I'm pleased to announce that Porteus Kiosk 3.6.0 is now available for download.
New version sums all the development which happened in the last 3 months and which can be tracked with details in the changelog to the Porteus Kiosk 'automatic updates' service.
Linux-ready Qseven COM taps new Cortex-A15 Renesas SoC
iWave has announced an industrial temperature Qseven form-factor module that runs Linux on the new, dual-core, Cortex-A15 Renesas RZ/G1-M SoC.
Bangalore, India based iWave Systems is typically associated here with SODIMM-style computer-on-modules based on Freescale SoCs, such as the iW-RainboW-G18M-SODIMM i.MX6UL. For its new iW-RainboW-G20M-Q7 module, iWave is branching out with a Qseven form factor COM built around the recently announced Renesas RZ/G series of ARM SoCs. Specifically, the iW-RainboW-G20M-Q7 module runs Linux on the dual-core, 1.5GHz RZ/G1M, which uses Cortex-A15 architecture, as opposed to the dual-core Cortex-A7 based RZ/G1-E.
Gen 5 Briq mini-PC runs Black Lab Linux on Core i3 or i5
The slimmer, completely air-cooled Black Lab Briq Gen 5 mini-PC has Mac Mini-like specs and runs Black Lab Linux on a Core i3 or i5 CPU.
PC/OpenSystems has offered a commercial version of the Black Lab Linux distribution since 2007, and sponsors Black Lab Software, which sells the community version. The company has now released its fifth generation of the Black Lab BriQ mini-PC. The system is pre-installed with the commercial version of the Ubuntu-based Black Lab Linux, with prices starting at $450, including a three-year warranty.
If you live in the web browser, using a Linux-based operating system makes a lot of sense. By combining say, Ubuntu and Google Chrome, you can have a very secure and easy-to-use platform running the world's best web browser. A bloated and heavy Windows 10, for instance, could be unnecessary.
The first signs of the end of 32bit are on the wall - starting with Linux. I wonder how long Google will continue to support 32bit Chrome on Windows. For some strange reason, Microsoft is still selling 32bit Windows 10.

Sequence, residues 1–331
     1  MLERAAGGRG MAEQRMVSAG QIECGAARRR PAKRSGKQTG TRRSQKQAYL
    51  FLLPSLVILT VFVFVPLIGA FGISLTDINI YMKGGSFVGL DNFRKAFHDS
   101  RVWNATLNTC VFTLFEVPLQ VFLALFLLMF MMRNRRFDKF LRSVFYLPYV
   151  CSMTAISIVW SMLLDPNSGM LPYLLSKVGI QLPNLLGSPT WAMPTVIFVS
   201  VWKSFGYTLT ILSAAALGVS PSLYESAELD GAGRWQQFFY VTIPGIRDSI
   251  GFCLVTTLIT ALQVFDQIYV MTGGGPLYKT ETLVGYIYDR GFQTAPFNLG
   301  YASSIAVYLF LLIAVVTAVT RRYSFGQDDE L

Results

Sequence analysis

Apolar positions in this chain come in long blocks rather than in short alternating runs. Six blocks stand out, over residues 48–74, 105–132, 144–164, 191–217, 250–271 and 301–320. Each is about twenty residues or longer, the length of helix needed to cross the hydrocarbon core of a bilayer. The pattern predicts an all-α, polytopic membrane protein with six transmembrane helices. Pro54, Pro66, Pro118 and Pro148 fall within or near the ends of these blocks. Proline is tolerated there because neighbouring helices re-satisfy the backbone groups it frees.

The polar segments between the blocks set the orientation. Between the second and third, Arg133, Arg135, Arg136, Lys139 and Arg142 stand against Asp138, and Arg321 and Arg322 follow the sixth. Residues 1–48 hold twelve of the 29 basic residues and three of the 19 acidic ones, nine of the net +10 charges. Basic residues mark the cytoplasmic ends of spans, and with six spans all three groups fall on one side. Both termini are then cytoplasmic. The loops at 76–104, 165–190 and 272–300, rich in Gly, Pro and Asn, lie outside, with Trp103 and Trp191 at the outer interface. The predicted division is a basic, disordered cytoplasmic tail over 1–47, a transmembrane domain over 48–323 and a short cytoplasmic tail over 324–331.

The brief announcement was made an hour ago by Dirk Pranke on the Chromium-dev group, and it informs users of Ubuntu and Debian GNU/Linux distributions that starting with March 2016, the Google Chrome web browser will no longer be available for 32-bit hardware platforms.
Conservancy provides a lot of services to member projects, including financial and administrivia. Conservancy also provides license enforcement services, including support of a high-profile suit against VMWare. Although Conservancy uses litigation as a last resort, it’s sometimes necessary. However, this has lead to some corporate sponsors pulling their funding.
The Free Software Foundation is striving to provide more and simpler ways for hackers to contribute to the GNU Project. For projects that are assigned to the FSF (such as GNU Emacs or GCC), dealing with the paperwork for assigning contributions can sometimes be a bottleneck in the process. We are always working on ways to make assignment itself simpler. We have accepted GPG-signed documents from U.S. contributors for some time now. Our legal counsel at the Software Freedom Law Center recently gave us the all clear to begin accepting GPG and electronic signatures from contributors in Italy. We would also like to thank Carlo Piana for providing local counsel on this issue as well.
As many of you are aware, twice a year we mail a new edition of the FSF Bulletin to our members and supporters via the good old United States Postal Service. The Bulletin comes together in just a few weeks, and this time we had to make an extra quick turnaround after celebrating FSF30.
Finding the right tool for the job
I've worked on many projects in my life so far, and almost all of them involve open source somewhere along the line. Below is a brief summary of some of the projects I worked on and the tools I used to work on projects in my own time, outside of work.
Ubuntu Touch Developers' Main Focus Is Unity 8 Convergence for Ubuntu Phones
On the last day of November, which also happened to be the first day of the 49th week of 2015, Canonical's Łukasz Zemczak sent in his daily report to inform us all about the latest work done by the Ubuntu Touch developers on the upcoming OTA-9 software update for Ubuntu Phones.